Living and thriving through regenerative practices and a sustainable worldview.

How To Make Your Own $35 Straw Mattress

http://small-scale.net/yearofmud/2009/09/11/how-to-make-your-own-35-straw-mattress/

mattress-test

(This lovely DIY how-to is written by my galfriend April, who recently made a fantastic straw mattress for the cob bed. Not only is it entirely natural, it’s pretty super to sleep on, too. Read ahead!)

Living in a hand-built home can often mean making unique and non-conventional furniture choices. I recently transitioned from a tent to a cob house and ran into the dilemma of what to do about a bed. My criteria was something natural and sustainable, economical, readily available, quick and easy to assemble, and comfortable. Is that too much to ask? I decided to do some research first.

Why not to buy a conventional mattress

I looked at some conventional mattresses. What the heck is in those things, I asked. These mattresses are composed of metal coils, often plastic coated, encased in fabric and padding. As a result of their materials and manufacturing, they also contain Volatile Organic Compounds (VOCs), formaldehyde, and chemical fire retardants that will off-gas over time. And, with a price tag of over $350 for a full size mattress, this option isn’t particularly economical. However, there is such a thing as eco-friendly and organic mattresses. These usually contain organic cotton or wool, non-toxic fire retardants, natural latex rubber, and recycled metal springs. But with an even heftier price tag of around $1000 for a full size mattress, this wasn’t really an option for me at all.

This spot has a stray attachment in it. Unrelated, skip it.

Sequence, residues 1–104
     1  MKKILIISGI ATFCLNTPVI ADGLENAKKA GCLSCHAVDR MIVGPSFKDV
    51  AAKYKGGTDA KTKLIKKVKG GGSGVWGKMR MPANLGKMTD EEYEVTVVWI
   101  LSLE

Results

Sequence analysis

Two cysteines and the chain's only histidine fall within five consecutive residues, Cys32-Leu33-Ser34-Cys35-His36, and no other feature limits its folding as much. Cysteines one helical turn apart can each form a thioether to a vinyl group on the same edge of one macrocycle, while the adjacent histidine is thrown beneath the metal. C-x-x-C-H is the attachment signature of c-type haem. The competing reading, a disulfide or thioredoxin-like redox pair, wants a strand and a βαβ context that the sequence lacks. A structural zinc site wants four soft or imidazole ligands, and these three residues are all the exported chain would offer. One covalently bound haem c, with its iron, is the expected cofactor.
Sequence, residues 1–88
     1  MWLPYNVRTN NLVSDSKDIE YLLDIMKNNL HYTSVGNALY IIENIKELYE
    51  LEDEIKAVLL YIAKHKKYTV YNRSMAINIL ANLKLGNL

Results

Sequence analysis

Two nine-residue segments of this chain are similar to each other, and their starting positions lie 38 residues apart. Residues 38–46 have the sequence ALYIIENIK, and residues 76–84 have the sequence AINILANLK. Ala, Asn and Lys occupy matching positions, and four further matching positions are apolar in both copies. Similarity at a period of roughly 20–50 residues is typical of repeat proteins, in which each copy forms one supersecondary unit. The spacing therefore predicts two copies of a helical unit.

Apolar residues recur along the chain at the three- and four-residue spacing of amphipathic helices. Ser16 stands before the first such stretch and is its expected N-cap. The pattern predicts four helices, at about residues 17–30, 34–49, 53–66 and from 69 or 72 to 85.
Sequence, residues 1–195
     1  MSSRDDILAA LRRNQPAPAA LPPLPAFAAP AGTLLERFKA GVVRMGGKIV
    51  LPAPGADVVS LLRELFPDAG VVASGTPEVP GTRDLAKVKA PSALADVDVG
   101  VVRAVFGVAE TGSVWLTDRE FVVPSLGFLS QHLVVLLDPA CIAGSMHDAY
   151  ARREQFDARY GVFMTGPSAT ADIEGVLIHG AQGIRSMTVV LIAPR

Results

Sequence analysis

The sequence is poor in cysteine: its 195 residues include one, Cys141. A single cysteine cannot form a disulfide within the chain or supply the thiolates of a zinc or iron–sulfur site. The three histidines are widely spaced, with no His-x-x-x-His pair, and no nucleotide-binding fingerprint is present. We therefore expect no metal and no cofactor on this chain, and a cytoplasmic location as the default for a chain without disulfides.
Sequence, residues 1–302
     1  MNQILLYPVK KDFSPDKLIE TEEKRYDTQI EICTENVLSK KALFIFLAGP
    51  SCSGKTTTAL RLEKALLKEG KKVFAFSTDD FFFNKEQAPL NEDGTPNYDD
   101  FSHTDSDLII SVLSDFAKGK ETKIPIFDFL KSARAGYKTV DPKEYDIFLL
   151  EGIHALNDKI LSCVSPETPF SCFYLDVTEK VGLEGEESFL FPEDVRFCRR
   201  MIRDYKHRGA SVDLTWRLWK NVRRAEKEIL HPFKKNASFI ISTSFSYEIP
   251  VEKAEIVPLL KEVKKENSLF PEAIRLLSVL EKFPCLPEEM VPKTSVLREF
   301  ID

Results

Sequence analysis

Traditional mattress materials

What about making my own mattress? People have been making their own beds for thousands of years. The ancient Romans used straw, an agricultural by-product, to make their mattresses. Another by-product, rice chaff (the husks separated from the edible grains), is used as mattress filler in Asia and oat chaff was traditional in Scotland. At first, making my own mattress sounded too ambitious since I’ve got a minimal amount of sewing experience, but straw is natural, locally available, and at $2.00 – $4.00 per bale, it was worth a try. If it didn’t work out, disposing of my straw mattress would be as simple a…

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